You try to do it, but you can’t.
How could anybody?
And then, for the briefest of moments, after Annette Clark has left you alone in her son’s bedroom while she greets well-wishers in the front room, it comes.
The world shrinking, shrinking.
The inability to move, however contrived.
The loss of independence, dominance, arrogance.
The briefest foray into the depths of the imagination, and – like a passing shudder – the sense of paralysis. For life.
Then the grieving mother of Rocky Clark, the 27-year-old quadriplegic who died Thursday night, 111/2 years after he was paralyzed in a high school football game, returns.
Annette Clark sits beside me on the cheap new futon couch in the tiny room – a bright, sky-blue cell no more than eight feet by 15 feet – and sighs.
Her eyes are still swollen from the intermittent crying bouts she goes through. She has no idea how she will pay for the funeral on Saturday or the house mortgage or the medical bills that could be stacked higher than the trophy case that holds a half-dozen NFL game balls donated by the Bears.
Most of all, she misses the ball and chain that held her down, made her a captive servant for more than a decade. Her son.
Rasul ‘‘Rocky” Clark was a fine athlete, and even after the blow that crushed his vertebrae in what is called the ‘‘hangman’s break,” he loved football, he loved all sports, and he never gave up.
Cliches, yes. But true.
‘‘His hospital bed was right here,” says Annette, smiling with eyes that are half a note from weeping. ‘‘I took it out the other day, and I put in this couch so if I want to sit here and think about Rocky, I can.”
No one can fathom what it’s like to be unable to move or the amount of care that must go into keeping a helpless human alive. It’s not pretty. Feces, urine, vomit, infected bed sores, lung secretions – it’s routine stuff. It’s why we turn away from paralyzed people because we intuitively comprehend the ripple effect of such a devastating wound.
Two years ago, I came down with a weird thing called transverse myelitis. I’d never heard of it, and I haven’t found anybody who has, except neurologists. It’s a rare, inexplicable auto-immune fire in the sheathing of the nerves of your upper spinal cord, and if it’s not put out fast, you’re a paraplegic forever, or a quad. For four days in intensive care, I got to think about that. I came out with a cane, no triceps, no right quadriceps, no pectoral muscles, a foot that didn’t work and fingers that couldn’t type, play guitar or do much of anything.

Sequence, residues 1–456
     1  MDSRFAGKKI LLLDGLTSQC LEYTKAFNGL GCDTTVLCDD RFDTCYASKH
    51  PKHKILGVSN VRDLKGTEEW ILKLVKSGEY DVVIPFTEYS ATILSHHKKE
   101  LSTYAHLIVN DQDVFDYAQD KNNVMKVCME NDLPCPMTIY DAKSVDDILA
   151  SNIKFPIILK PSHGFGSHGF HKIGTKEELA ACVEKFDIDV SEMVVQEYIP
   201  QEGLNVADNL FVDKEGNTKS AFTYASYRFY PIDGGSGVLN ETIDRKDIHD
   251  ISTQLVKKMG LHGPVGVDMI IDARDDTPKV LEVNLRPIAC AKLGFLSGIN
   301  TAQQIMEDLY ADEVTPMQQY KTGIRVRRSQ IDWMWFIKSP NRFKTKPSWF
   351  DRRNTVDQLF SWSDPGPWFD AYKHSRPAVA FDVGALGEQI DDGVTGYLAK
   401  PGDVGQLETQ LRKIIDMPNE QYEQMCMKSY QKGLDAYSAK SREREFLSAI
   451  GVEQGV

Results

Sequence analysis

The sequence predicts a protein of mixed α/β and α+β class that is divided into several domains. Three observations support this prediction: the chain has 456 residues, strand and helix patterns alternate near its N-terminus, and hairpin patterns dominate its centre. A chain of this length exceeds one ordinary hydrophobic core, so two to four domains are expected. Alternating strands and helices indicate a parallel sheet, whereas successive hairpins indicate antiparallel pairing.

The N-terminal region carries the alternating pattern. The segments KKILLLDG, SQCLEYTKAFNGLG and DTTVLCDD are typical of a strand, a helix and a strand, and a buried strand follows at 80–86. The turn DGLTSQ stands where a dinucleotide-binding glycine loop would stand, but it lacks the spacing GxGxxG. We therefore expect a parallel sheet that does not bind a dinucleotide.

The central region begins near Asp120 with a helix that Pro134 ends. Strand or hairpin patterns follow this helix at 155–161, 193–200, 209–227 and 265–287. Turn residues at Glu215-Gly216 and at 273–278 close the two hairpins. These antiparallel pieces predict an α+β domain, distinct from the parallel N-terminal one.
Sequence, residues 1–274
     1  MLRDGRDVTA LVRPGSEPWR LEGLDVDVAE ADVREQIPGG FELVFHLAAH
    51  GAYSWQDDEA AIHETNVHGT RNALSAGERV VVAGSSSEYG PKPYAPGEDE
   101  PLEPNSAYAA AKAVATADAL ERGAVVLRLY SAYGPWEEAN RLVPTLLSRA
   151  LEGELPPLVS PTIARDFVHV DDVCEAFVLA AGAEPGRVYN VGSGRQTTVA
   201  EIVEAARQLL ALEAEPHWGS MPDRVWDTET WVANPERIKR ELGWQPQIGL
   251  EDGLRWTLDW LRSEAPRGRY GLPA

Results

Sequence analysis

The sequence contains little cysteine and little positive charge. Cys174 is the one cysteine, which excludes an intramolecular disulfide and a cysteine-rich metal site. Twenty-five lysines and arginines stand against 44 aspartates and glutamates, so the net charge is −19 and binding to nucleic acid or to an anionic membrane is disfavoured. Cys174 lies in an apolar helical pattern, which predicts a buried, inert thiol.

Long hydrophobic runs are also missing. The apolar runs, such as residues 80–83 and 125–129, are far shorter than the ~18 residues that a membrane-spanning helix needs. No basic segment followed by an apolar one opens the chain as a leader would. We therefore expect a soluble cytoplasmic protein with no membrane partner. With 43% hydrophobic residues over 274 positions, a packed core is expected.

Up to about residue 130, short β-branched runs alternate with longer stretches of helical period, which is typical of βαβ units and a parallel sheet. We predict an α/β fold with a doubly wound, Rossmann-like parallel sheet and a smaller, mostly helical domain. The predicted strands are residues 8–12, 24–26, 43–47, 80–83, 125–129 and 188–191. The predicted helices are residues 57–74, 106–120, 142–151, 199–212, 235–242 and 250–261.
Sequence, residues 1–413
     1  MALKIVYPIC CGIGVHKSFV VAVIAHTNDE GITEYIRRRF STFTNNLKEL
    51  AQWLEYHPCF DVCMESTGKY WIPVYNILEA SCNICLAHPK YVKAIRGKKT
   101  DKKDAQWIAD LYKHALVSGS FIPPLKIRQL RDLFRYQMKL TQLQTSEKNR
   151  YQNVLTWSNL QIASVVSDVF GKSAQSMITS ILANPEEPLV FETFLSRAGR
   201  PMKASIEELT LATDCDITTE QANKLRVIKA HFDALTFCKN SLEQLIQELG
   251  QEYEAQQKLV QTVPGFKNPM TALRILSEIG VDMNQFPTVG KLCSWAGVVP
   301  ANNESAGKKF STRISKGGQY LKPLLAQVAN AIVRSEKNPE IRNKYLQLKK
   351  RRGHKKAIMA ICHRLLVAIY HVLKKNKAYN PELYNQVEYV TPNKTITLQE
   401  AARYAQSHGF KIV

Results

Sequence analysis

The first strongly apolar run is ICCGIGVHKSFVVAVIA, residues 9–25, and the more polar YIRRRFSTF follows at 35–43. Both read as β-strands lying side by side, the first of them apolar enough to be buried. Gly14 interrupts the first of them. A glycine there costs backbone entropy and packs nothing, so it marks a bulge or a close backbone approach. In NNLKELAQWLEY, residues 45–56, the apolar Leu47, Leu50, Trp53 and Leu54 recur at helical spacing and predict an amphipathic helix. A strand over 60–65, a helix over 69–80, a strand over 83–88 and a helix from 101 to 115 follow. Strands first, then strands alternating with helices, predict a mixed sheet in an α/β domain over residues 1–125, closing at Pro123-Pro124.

Almost all of it has come back. But I got to think about a lot. I was able to envision – for a moment – the horror of our worst fears.
And yet, I will tell you this, and it might sound insane – I was ready to be a cripple.
The overriding sense was: What choice do I have?
‘‘I’m not upset or angry,” Annette says when I ask her if the catastrophic insurance coverage that was not there at the end has made her furious. ‘‘But I’m disappointed. The insurance, well, it was like Rocky said, ‘I’m a citizen!’â€‰”
Without the most obvious thing every football player at every level should receive – lifetime health insurance for the worst of injuries – Annette had to become the round-the-clock nurse in a role that stole her life.
Rocky’s main insurance coverage ran out nearly two years ago, and Annette was forced to cut his pills in half, sleeping no more than three hours at a time, becoming a kind of Mother Sisyphus, rolling the medical stone up the hill each day so her only son could live.
She had helpers – her two daughters, Deacon Don Grossnickle of the Archdiocese of Chicago, the Rev. Anthony Williams of the Good Shepherd Evangelical Lutheran Church in Robbins – but it wasn’t enough.
The tragedy was a kid like Rocky Clark never really got to live.
An old guy like me, gazing at paralysis, who cares?
But a young man like Rocky, with his future ahead, a kid who wanted to help others in sport?
It hurts Annette like a dagger in the heart to think of the waste.
But Rocky was always upbeat.
‘‘He would smile and say, ‘Mom, I have to play with the cards I was dealt,’â€‰” says Annette, looking at the computer, the TV, the medals and the varsity letters that were her son’s viewing companions.
The great physicist Stephen Hawking, who has been paralyzed for half a century and now communicates by twitching his left cheek, has written of his always-fatal disease, ‘‘I didn’t die. In fact, although there was a cloud hanging over my future, I found, to my surprise, that I was enjoying life in the present more than before.”
Rocky seemed that way, too.
In his 1995 book, The Diving Bell and the Butterfly, the 44-year-old abruptly paralyzed editor and father Jean-Dominique Bauby, who could communicate only by blinking his left eye, dictated these words, a letter at a time: ‘‘My mind takes flight like a butterfly. There is so much to do. You can wander off in space or in time, set out for Tierra del Fuego or for King Midas’ court. You can visit the woman you love, slide down beside her and stroke her still-sleeping face.”
The late and paralyzed actor Christopher Reeve, unable even to breathe on his own but ever thankful, said that in his dreams he was ‘‘always whole.”
Rocky Clark is gone, but he lives on.
And his dream flies forever.